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dc.contributor.advisorBi, Peng-
dc.contributor.advisorGiles, Lynne-
dc.contributor.advisorKoehler, Ann-
dc.contributor.advisorHiller, Janet-
dc.contributor.advisorZhang, Ying-
dc.contributor.authorMilazzo, Adriana-
dc.description.abstractBackground Salmonella and Campylobacter spp. are the most common foodborne disease pathogens reported worldwide. Changes in climate observed through increasing warmer ambient temperature and heatwaves are considered to be contributing factors to the emergence and re-emergence of foodborne diseases. Warmer ambient temperature enhances the survival of pathogens in the environment, leading to increased contamination of food and water directly impacting on human health when resulting in diarrhoeal illness. Indirectly, social and behavioural factors may also have an impact on foodborne disease as a consequence of climate change. Warmer weather may bring about a change in people’s eating behaviour, food preferences, and behaviour related to unsafe food practices potentially increasing the risk of foodborne illness. However, evidence concerning the effects of warmer temperature and heatwaves on Salmonella and Campylobacter infection is still relatively scarce, and little is known about human behaviour related to food safety practices in response to warmer weather. Aim This thesis is divided into four studies each with specific aims. In broad terms, these were: study 1) to assess food safety practices, food shopping preferences and eating behaviours of people diagnosed with Salmonella or Campylobacter infection and resident of South Australia in the warm season months (January to March 2013), and to identify if socioeconomic status is associated with their behaviour and practices; study 2) to examine the relationship between warmer ambient temperature and the incidence of Salmonella and serotypes; study 3) to examine the relationship between heatwaves and the incidence of Salmonella and serotypes; and study 4) to examine the relationship between warmer ambient temperature, and heatwaves and the incidence of Campylobacter infection in Adelaide, capital city of South Australia from 1990 to 2012. An overall aim was to provide scientific evidence for public health policy making and practical guideline development for foodborne disease control and prevention in the context of climate change. Methods Disease notification data for all studies were obtained from the South Australian state’s health department notifiable disease surveillance system. Climate data for studies 2 to 4 were sourced from the Bureau of Meteorology. Logistic regression was the analytic approach used in study 1, a cross-sectional survey using a questionnaire to examine knowledge, behaviour and perceptions related to food safety. In addition, information about behaviour and preferences related to shopping and dining out, consumption of foods on warm days, preferences for receiving food safety information on warm days and perceived probability of heat as a risk factor for infectious gastroenteritis was also collected. Time-series analysis was the overarching framework used in the analyses for studies 2 through 4 to quantify the effects of temperature and heatwaves on Salmonella disease notifications (overall and the five common serotypes), and Campylobacter disease notifications in the warm season months (October to March). Specific approaches within these studies included Poisson regression analysis with Generalized Estimating Equations and Distributed Lag Non-Linear Models. Results In study 1, Salmonella and Campylobacter cases generally engaged in unsafe personal and food hygiene practices. Participants had poor knowledge of food safety and they were not aware of high-risk foods associated with an increased risk of foodborne illness. Survey responses specifically related to warm weather found that certain food safety practices, and participants’ eating behaviours and food preferences were influenced by temperature, but that generally socioeconomic status did not influence food safety practices. In study 2, daily Salmonella notifications were positively associated with temperature, such that cases increased by 1.3% per 1oC rise in temperature in the warm season. However, greater increases in incidence of Salmonella notifications were observed among specific serotypes and phage types. A temperature threshold of 38oC was detected at which notifications for certain Salmonella phage types increased in Adelaide. In study 3, heatwave intensity had a significant effect on daily counts of overall salmonellosis with a 34% increase in risk of infection. Specific Salmonella serotypes and phage types were sensitive to the effects of heatwaves. Further, the effects of temperature during heatwaves on the number of Salmonella cases and serotypes were found at lags of up to 14 days. In study 4, there was little evidence of an increase in risk of Campylobacter cases associated with either temperature or heatwaves in the warm seasons. During a heatwave, Campylobacter notifications decreased by 19% within a temperature range of 39-40.9oC. Conclusion This thesis presents the first detailed examination of the effects of warm season temperature and heatwaves on Salmonella and Campylobacter notifications. Furthermore, this is the first research reported to assess the effects of ambient temperature and heatwaves on Salmonella serotypes and their phage types. Overall, these findings demonstrate an increased incidence of Salmonella notifications in the warm seasons associated with higher temperature, and more pronounced effects during heatwaves. The findings have also highlighted that human behaviour and food safety practices are influenced by temperature in the warm season months. These results provide important evidence for policy makers and stakeholders to develop and recommend early warning systems about foodborne disease prevention during heatwaves. In addition, the results highlight the need for targeted public health interventions at a household and population-level in raising awareness and providing education about the importance of food safety in warmer weather.en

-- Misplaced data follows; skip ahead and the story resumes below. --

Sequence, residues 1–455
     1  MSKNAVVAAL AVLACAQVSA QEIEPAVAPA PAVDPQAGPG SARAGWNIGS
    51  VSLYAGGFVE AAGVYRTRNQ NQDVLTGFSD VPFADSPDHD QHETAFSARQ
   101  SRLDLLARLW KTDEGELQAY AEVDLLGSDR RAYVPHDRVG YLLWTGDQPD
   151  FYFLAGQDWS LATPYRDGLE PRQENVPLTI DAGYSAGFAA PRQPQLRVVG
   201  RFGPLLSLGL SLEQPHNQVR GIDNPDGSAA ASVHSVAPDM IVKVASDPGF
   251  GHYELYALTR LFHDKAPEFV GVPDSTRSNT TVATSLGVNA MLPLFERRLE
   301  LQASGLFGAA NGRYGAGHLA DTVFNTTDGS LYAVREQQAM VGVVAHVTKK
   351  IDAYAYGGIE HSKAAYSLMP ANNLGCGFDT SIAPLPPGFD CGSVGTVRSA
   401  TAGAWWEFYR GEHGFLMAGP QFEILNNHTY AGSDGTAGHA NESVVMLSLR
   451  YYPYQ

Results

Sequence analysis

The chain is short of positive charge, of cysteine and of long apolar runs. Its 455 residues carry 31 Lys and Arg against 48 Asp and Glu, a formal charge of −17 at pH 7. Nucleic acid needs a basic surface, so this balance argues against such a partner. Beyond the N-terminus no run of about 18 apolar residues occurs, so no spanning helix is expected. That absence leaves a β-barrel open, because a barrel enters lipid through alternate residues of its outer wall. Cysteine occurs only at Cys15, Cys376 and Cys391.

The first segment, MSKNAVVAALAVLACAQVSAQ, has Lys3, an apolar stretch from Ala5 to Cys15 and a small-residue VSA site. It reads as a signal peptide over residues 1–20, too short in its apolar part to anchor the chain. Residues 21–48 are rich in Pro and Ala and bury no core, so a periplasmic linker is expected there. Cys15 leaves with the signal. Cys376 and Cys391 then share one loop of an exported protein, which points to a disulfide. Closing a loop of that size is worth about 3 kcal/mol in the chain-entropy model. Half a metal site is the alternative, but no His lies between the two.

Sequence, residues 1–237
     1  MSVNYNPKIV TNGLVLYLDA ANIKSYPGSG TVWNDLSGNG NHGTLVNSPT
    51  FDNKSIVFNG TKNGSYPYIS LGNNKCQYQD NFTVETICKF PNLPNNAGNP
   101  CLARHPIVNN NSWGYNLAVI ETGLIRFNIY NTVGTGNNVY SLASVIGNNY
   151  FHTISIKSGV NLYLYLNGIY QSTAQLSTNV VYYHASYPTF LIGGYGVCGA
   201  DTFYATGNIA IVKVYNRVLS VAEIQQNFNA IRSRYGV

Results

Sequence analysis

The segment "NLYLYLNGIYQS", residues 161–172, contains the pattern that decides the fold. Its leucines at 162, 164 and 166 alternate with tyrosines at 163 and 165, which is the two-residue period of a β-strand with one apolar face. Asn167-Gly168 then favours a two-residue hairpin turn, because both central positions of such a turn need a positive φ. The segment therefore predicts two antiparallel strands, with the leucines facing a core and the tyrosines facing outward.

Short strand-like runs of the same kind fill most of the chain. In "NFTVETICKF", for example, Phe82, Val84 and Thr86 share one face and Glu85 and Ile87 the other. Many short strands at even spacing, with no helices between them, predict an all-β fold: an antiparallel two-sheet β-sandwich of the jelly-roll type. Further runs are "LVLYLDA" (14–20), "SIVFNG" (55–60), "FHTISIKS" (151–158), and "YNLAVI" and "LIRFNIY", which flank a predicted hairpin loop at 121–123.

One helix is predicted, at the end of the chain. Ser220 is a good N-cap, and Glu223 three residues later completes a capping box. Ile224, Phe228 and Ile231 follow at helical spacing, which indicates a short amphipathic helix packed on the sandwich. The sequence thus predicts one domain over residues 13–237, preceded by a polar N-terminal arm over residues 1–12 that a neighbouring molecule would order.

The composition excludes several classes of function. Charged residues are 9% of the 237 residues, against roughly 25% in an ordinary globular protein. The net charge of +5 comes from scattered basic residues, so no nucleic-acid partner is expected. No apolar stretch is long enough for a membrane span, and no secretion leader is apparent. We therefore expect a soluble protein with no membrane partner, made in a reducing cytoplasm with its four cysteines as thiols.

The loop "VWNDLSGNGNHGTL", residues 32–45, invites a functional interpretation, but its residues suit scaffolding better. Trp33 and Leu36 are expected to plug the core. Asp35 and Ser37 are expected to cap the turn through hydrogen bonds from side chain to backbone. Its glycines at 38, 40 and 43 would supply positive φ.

dc.subjectclimate changeen
dc.subjectfoodborne diseaseen
dc.subjectinfectious disease epidemiologyen
dc.titleThe relationship between warm season temperatures and heatwaves on the incidence of Salmonella and Campylobacter cases in Adelaide, South Australiaen
dc.contributor.schoolSchool of Public Healthen
dc.provenanceThis electronic version is made publicly available by the University of Adelaide in accordance with its open access policy for student theses. Copyright in this thesis remains with the author. This thesis may incorporate third party material which has been used by the author pursuant to Fair Dealing exceptions. If you are the owner of any included third party copyright material you wish to be removed from this electronic version, please complete the take down form located at:
dc.description.dissertationThesis (Ph.D.) (Research by Publication) -- University of Adelaide, School of Public Health, 2018.en